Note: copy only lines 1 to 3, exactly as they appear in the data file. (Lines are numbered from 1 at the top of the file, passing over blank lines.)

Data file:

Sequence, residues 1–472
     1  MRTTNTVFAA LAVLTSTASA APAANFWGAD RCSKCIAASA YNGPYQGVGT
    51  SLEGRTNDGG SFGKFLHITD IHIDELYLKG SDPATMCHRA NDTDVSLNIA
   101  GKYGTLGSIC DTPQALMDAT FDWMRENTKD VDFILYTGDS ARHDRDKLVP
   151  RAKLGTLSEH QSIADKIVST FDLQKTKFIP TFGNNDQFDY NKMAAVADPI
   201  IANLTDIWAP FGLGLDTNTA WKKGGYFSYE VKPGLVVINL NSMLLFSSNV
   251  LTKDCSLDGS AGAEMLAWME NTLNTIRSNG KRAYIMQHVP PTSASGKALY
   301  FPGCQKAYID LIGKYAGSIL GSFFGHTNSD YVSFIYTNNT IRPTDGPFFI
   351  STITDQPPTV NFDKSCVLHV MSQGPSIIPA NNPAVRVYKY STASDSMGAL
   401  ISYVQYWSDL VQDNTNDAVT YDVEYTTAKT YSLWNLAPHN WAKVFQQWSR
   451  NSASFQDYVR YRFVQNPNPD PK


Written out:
Sequence, residues 1–472
     1  MRTTNTVFAA LAVLTSTASA APAANFWGAD RCSKCIAASA YNGPYQGVGT
    51  SLEGRTNDGG SFGKFLHITD IHIDELYLKG SDPATMCHRA NDTDVSLNIA